Many thanks David, for the progress report and also for the revised mast angle. I can level the boat using the jockey wheel adjustment then get that right. Mast tube now arrived and Richard and I are getting some hardwood for the tabernacle. I now need to look more closely at the sheeting perhaps.
I now have all the individual panels made up, with their tablings folded and sewn, and today I've been preparing the batten and yard pockets. As soon as my own sail is out of the way and back aboard, I can begin to assemble the panels and pockets in my living room "sail loft".
I've made a more accurate assessment of the CE of the original bermudan rig and the weaverbird-pattern sail, and I think that you only need a forward rake of 2 degrees, with the heel of the tabernacle in the same place as the heel of the old compression post. The image I have of the bermudan rig shows an aft rake of 6 degrees, so don't let that confuse you. Try to get an accurate horizontal or vertical surface - perhaps the cabin sole or main bulkhead, and measure 88 or 2 degrees to establish the mast line.
Many thanks David for showing me how it is going. This is very interesting - and exciting to see the first panel taking shape. It also helps me to appreciate how much work there is going to be done in the whole sail! Mast tube should arrive tomorrow or Wednesday so we will be able to start on that at last.
Looking again at your drawing I make it a 5 degree lean forward on the mast so I will work on that for the tabernacle angle below the cabin top unless I hear from you otherwise. I had a discussion with Richard Oates recently which led us to wonder if bamboo would be a cheaper and acceptable alternative to the fibre tubes that I bought? Any thoughts on this welcome.
Sounds good, David.
Here's an album containing a few photos of the sailmaking process at the stage reached so far.
My friend Richard Oates and I are both now going ahead with very similar projects and I have now ordered the aluminium tubes for us both: 5m of 4inch 10SWG tube. When it comes I will look at making the top mast out of a section of old spruce, but if that doesn't work Richard is going to help me make a hollow top mast from scratch because his will be much the same!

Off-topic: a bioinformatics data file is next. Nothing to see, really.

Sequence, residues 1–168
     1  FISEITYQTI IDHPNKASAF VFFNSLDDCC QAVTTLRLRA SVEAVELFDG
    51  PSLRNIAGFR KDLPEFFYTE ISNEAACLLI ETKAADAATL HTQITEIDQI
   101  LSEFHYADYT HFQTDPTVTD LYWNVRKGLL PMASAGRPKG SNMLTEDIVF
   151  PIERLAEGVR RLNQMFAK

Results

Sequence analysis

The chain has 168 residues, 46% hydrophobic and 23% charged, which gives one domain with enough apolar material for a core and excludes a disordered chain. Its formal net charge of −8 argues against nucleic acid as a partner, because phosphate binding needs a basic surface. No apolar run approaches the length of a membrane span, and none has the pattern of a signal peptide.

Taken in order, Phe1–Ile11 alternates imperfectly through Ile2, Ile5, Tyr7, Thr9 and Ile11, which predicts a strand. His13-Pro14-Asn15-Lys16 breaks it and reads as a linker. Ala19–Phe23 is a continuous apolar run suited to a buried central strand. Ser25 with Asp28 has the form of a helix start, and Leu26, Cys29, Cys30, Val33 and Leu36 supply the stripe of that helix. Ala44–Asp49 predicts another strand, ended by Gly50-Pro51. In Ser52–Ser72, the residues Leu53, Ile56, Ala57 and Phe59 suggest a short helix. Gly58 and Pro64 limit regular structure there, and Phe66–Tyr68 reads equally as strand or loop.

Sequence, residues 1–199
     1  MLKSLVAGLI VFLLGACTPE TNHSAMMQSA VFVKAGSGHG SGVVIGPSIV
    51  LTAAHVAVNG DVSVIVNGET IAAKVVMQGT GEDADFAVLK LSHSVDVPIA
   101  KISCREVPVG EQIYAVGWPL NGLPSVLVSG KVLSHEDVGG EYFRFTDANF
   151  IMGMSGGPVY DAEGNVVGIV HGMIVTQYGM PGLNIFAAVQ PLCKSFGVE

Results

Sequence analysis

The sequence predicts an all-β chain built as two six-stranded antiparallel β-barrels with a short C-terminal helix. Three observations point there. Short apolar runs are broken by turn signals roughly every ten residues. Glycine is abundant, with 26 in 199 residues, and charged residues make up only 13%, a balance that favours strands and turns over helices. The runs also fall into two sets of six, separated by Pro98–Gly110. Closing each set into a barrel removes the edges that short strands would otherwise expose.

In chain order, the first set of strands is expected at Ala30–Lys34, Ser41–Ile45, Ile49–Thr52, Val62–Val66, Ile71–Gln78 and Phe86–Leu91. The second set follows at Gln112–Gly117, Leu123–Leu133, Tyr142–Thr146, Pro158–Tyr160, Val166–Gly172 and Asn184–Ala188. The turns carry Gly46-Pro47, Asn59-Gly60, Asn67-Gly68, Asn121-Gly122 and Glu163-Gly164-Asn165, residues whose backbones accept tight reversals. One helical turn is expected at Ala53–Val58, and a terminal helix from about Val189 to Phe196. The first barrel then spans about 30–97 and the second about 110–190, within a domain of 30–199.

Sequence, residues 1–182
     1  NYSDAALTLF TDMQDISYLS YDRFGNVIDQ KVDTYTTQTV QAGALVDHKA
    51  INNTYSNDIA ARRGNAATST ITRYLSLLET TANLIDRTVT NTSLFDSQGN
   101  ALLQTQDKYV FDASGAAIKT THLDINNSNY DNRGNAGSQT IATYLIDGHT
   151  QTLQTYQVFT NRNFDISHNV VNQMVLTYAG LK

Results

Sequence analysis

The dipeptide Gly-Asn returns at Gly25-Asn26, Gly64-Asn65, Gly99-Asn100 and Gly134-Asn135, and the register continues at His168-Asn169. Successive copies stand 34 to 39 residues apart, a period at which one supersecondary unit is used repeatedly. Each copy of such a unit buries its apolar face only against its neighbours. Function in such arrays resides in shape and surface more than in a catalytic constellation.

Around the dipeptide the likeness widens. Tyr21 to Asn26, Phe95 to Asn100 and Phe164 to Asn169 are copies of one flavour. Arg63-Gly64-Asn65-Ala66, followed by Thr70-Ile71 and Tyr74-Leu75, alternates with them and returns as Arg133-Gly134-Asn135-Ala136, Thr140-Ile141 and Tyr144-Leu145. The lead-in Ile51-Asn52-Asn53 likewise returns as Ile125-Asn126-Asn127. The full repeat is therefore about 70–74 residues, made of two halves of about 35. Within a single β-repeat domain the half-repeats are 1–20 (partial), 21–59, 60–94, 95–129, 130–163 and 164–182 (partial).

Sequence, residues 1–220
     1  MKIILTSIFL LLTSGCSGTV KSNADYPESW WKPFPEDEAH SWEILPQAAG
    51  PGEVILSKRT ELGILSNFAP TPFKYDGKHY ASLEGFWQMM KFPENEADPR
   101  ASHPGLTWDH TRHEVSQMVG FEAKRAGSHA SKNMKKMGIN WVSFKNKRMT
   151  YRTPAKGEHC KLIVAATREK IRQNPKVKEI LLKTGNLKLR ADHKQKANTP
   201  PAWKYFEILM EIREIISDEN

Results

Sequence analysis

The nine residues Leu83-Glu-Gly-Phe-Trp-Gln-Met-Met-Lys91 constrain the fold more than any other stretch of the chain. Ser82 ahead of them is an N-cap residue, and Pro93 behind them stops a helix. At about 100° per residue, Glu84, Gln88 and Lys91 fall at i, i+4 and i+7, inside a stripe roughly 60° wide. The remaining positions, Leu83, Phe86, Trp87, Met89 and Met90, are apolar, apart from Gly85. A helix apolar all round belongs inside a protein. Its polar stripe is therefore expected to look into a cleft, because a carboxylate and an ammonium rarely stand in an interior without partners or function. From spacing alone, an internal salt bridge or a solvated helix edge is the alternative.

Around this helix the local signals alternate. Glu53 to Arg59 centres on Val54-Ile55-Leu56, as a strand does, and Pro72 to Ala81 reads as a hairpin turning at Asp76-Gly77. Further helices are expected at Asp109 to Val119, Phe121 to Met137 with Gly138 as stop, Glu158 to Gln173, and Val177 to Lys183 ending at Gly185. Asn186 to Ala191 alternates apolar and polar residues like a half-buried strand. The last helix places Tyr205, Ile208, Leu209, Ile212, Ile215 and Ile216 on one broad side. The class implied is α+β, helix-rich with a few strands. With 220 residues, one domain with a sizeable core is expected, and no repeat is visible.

I'm in the middle of making the Nimrod sail. I've uploaded the drawings of the panels to Members' Area>Your files>Drawings>Westerly Nimrod. They show how it's possible to cut the cloth for a sail within a very small space, if CAD is used to draw and dimension each individual piece of cloth.
I'm using standard width sailcloth, at 92cm. This is cream-coloured Hayward's Sunwing 5.4 oz/sq yd, the very last of the stock of ends of rolls that "Englishseadog" on eBay were holding. It's a pleasure to use. (I also bought what they had of tan coloured Sunwing at the same weight, for some future sailmaking project).
Some points to note:
Jami, I found a website with a conversion calculator from SWG to mm and mm2 on it.
Just remember, there is something called AWG, American Wire Gage as well, which is different from the British(?) SWG. The only time I have met these units in my working life has been when dealing with thin solder tin wires (working with electronics).
I still struggle with finding any rational reason for these units - and yes, now I checked my solder tin dispenser, made in Holland. No SWG or AWG on it, just 1mm...
Ok, thanks. In my conversion I'm having difficulties in trying to decide between 3 and 4 mm tube. This 10swg is in between...
It's also interesting to notice that the stock tube lenghts are totally different here: no matter what the diameter, the length sold seems to be 6 meters.
swg = standard wire gauge, commonly used in the UK for wire diameters and metal sheet and tube thicknesses.
There are other wire gauges as well, particularly in the USA.
10swg = 0.128in, or 3.25mm
16swg = 0.064in, or 1.63mm
I'm following this wirh interest, but in order to do so, I'd need a hint on one detail: as someone living with metric system, I have no idea what kind of a unit is swg.
How thick is a 4in x 10swg tube in millimeters, please? Three or four?
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